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Argue that

$\binom{n}{n_1,n_2,...,n_r} = \binom{n-1}{n_1-1,n_2,...,n_r} + \binom{n-1}{n_1,n_2-1,...,n_r}+...+\binom{n-1}{n_1,n_2,...,n_r-1} $

Each term on the right hand side is the number of ways of dividing $n-1$ distinct objects into $r$ distinct groups. I cant really make a start on this.

I have thought about it in terms of apples to try and get a grasp of the problem, if i were to have 10 apples labeled 1- 10 and 3 groups of size 2,3,5. Then the math works out.

If I have $n$ apples labeled $1$ through $n$, if I choose the first(labelled 1) apple and fix it to the 1st group then divide the remaining $n-1$ apples into the $r$ groups, there are $\binom{n-1}{n_1-1,n_2,...,n_r}$ ways to do this. If I repeat this process with apple 2 and place the apple in group 2 instead, we obtain $\binom{n-1}{n_1,n_2-1,...,n_r}$ continuing in this fashion when we fix the $r$th apple to the $r$th group and count the number of ways of distributing the remaining $n-1$ apples to the $r$ groups we get $\binom{n-1}{n_1,n_2,...,n_r-1}$. Summing the terms on the right will then give us the number of ways of dividing the $n$ distinct apples into $r$ distinct groups.

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Your argument using apples is very close, maybe only a bit awkwardly written. We give a combinatorical argument of equality, showing the the rhs and lhs count the same thing.

Now, the lhs is easy: it counts the number of ways to partition $n$ apples into $r$ groups with sizes $n_1, n_2, \ldots, n_r$.

We want to show that the rhs counts this as well. Let's pick a fixed apple. The essesce of the proof is noting that:

(the number of ways to partition apples into $r$ groups of specified sizes) = (the number of ways we can partition apples into $r$ groups of specified sizes if the fixed apple is in the first group) + (the number of ways we can partition apples into $r$ groups of specified sizes if the fixed apple is in the second group) + ... + (the number of ways we can partition apples into $r$ groups of specified sizes if the fixed apple is in the last group)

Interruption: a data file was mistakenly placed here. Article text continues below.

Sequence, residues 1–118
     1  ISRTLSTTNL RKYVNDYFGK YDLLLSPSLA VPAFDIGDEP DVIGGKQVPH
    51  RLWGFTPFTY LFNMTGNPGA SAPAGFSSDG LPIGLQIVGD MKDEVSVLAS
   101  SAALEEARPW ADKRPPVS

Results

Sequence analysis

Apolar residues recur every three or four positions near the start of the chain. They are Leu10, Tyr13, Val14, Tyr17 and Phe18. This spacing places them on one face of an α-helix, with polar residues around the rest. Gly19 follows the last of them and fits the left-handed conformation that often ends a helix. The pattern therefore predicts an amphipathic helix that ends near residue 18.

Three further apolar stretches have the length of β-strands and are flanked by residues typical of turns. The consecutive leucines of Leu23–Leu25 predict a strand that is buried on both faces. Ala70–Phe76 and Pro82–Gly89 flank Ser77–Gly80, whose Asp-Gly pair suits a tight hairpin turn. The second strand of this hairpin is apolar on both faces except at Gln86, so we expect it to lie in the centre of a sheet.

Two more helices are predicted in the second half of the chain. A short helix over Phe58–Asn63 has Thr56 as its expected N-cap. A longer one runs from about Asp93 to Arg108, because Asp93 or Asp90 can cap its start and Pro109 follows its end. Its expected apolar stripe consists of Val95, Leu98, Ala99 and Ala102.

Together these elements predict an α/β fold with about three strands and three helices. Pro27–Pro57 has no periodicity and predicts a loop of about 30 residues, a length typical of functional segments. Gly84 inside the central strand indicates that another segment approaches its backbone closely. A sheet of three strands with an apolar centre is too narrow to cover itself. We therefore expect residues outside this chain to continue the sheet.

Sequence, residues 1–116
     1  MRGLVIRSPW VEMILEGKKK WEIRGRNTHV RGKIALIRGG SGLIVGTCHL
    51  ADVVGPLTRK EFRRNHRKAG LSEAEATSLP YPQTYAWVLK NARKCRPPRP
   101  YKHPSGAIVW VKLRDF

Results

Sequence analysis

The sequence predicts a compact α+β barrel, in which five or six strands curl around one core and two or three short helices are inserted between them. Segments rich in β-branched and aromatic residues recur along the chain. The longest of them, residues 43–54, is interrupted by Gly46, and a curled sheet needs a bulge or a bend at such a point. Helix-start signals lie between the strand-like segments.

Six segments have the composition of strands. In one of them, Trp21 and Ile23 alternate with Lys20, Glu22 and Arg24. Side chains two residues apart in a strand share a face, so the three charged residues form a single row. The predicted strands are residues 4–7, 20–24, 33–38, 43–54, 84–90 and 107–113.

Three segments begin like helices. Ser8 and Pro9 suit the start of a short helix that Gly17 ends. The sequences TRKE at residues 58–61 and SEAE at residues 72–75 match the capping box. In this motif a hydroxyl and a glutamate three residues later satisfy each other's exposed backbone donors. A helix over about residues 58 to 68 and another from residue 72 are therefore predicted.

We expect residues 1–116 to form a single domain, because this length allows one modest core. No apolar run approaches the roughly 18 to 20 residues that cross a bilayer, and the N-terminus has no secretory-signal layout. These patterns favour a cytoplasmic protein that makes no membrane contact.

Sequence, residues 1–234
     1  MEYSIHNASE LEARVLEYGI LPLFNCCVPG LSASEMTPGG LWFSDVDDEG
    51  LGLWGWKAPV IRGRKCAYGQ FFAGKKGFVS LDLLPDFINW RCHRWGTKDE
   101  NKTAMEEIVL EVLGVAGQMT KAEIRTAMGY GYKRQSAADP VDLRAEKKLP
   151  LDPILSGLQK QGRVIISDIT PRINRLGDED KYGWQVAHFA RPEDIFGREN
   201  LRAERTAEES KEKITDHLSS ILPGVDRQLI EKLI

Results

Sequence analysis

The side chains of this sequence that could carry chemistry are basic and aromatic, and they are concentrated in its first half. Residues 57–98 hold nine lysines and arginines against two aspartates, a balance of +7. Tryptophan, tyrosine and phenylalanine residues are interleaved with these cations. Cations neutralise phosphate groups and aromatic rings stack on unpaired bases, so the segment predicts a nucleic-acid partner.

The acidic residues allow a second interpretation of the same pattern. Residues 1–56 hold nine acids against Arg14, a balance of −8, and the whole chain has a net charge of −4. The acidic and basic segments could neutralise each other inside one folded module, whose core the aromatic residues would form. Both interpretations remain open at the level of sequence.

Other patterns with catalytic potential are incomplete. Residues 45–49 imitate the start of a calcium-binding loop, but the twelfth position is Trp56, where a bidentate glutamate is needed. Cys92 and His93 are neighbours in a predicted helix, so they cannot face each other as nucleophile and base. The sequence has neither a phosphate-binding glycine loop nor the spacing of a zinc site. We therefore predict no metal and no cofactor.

This options are disjoint, so we can freely sum the number of cases in each option. Now, lets count the number of ways in each of the options.

If we put it in the first group, then to get partitions into $r$ groups with sizes $n_1, n_2, \ldots, n_r$, we need to arrange remaining $n-1$ apples into groups of sizes $n_1-1$, $n_2$, ..., $n_r$, as we already have one apple in the first group. We can do this in $\binom{n-1}{n_1-1, n_2, \ldots, n_r}$ many ways. Similary, we can put our apple in second group, which yields $\binom{n-1}{n_1, n_2-1, \ldots, n_r}$ ways, and so forth until the $r$-th group.

Rewriting equation in text above into numbers, we get the desired equality.

PS: The case by case distinction intuitivnely reminds me of the law of total probabilities, it it helps you to think about it that way.

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    $\begingroup$ I see how my answer is awkwardly written, I was fixing a different apple each time. Thanks :) +1 and accepted. $\endgroup$ – user197848 Jul 26 '15 at 12:52

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